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August 18, 2016

Rafael Nadal

Cincinnati, Ohio

B. CORIC/R. Nadal

6-1, 6-3

THE MODERATOR: Questions, please.

Q. What specifically was the issue with you at the end of the first set that you called for the trainer?
RAFAEL NADAL: Oh, I feeled the arm too tired. Elbow, shoulder. You know, two months and a half without competing, and especially without practicing, and then do what I did in the Olympics, come here, different balls, too much.

It's not the ideal situation to come back to the competition. After two months and a half and with an injury in the wrist, the normal thing is try to come back a little bit slower.

But having the Olympics there I didn't had that chance. Now I pay. I pay that, no? Was a little bit too much and my body was to the limit since after the finish of Rio.

I came here; I tried. I tried to do the right things to be ready, but obvious that I was not ready today.

Q. Given all the tennis you played after not playing, are you able to take any positives out of coming here to Cincinnati?
RAFAEL NADAL: The positive thing is I was keep playing. That's the only thing, no? Is a big event; I am a tennis player. I want to play tennis, no? After two months and a half without competing, was not easy to take the decision after the Olympics to not coming here.

I didn't want to be back home. I spent enough time at home last three months. I needed to keep practicing, keep playing, and that's why I am here and that's why I'm don't going to come back to Spain before the US Open.

Q. Obviously you want to play these tournaments, but with hindsight looking back, do you think it was a good decision to come here?
RAFAEL NADAL: Yes. Why not?

Q. You were just saying about the soreness in the shoulder and upper arm. Was it also going down through the wrist?
RAFAEL NADAL: No. The wrist is still the same. I said too many times already, spoke too many times about the wrist. The wrist is still bothering me but is a process that I need to pass and a process that I need to go through.

I need to play to go through that process. With more rest the wrist will not go better. The wrist needs to adapt again to the game. Needs to adapt again to hit the ball.

The only negative thing is in one week I pass from not practicing almost anything and playing 23 hours in seven days. So that's the thing. The wrist is not worse of that so that's great news, but is not better.

Still bothers me, but I need to keep playing. Day by day I hope that things going to go better.

Q. Over the years you have inspired a lot of young people. With the time at home you've had more opportunity to work with your academy and foundation. How are those experiences inspiring for you? Is there a moment that stands out?
RAFAEL NADAL: No, helping with the kids in the academy. Was great to spend time in the academy and watch all the things how the academy started. Enjoying to share a little bit of time with the kids. Was almost 600 kids in two months there, in two months and a half, so was a great experience.

I always had a special feeling with kids. I like to spend time with them, and I believe and I hope that the kids that came to the academy went back home very, very happy, no? So that's something that make me happy.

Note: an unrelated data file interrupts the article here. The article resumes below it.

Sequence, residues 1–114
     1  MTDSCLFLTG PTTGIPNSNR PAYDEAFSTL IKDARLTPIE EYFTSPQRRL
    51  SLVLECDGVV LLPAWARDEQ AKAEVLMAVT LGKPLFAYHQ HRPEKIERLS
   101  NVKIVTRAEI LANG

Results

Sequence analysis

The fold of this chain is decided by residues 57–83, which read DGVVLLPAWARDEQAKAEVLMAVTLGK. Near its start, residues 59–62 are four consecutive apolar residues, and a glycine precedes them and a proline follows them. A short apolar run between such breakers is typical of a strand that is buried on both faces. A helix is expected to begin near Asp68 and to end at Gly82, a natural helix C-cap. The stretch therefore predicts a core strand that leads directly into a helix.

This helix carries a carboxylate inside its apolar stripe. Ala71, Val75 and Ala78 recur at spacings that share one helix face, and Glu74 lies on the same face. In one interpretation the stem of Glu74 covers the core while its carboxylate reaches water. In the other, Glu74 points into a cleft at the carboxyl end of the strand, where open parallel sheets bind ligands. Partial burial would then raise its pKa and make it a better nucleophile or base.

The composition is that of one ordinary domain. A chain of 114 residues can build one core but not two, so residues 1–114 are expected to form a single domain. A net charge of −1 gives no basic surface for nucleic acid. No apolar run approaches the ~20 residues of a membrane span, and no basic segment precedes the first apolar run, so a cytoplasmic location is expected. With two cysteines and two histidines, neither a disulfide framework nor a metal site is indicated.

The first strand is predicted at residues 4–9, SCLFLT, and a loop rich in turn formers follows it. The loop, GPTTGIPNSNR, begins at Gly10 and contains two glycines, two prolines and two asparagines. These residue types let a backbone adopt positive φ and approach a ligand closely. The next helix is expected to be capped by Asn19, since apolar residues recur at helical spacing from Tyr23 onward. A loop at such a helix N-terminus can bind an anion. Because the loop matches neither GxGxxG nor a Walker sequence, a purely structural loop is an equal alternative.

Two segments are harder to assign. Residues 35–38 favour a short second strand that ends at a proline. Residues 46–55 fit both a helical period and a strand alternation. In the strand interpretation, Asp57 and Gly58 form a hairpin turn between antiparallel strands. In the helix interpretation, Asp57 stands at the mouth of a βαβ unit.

Then with the foundation, we are working well. Every year we are doing something better. Every year we are trying to help more and more kids. That's something that I feel happy to have the chance to help the kids with some risks.

Q. Because you're behind a little bit as far as practice time, even though you're fatigued, what is your practice schedule like? Will you take a couple days off?
RAFAEL NADAL: Probably, yes. I think I need to recover emotionally, physically, and especially I need to give some rest to the wrist, the arm, to everything, no?

So I am not sure about my schedule yet. I finished just half an hour ago. I need to check with my team what's the best thing we can do to prepare well the US Open.

I don't know if I am going to be practicing here again or not. For sure tomorrow I don't going to practice. Then I have to check if we fly to New York or we stay here.

Q. You haven't played in a while, but all the matches you've played have been best-of-three; the major is best-of-five. How much will that factor in to your ability to prepare physically?
RAFAEL NADAL: I am well-prepared physically. I worked a lot at home and I practiced -- in the Olympics I played like best-of-five. Played two matches every day and spend for and a half, five hours on court some days.

The preparation for that was good. It's not a question of physical. It's a question of being ready physically and be healthy. That's the most important thing.

Q. You have a history of playing through pain in matches and not quitting. I think in 2011 in Australia with David Ferrer you wouldn't quit even though you were injured. I wonder if today during the match you were thinking maybe that you should just stop?

Q. You seemed to be in a lot of pain on the court.
RAFAEL NADAL: No, not a lot of pain, no? I was uncomfortable, not comfortable at all. A little bit tough in all aspects. The body, as I said before, was a little bit to the limit and I played against a player that played well.

Coric didn't give me many chances. He was playing his serve huge, and from the baseline he didn't miss a lot.

So I need to be in better shape to compete against this kind of match. Was not the day to do that. Even like this I tried to the end. I had a break point to come back to 5-4.

You know, it's obvious that I didn't think about retirement because I was not at that limit, no? I have a little bit of pain everywhere, but the real thing is nothing like I had in the Australian in 2011 against David that I had hamstring. I don't know how to say in English. So that's it.

FastScripts Transcript by ASAP Sports

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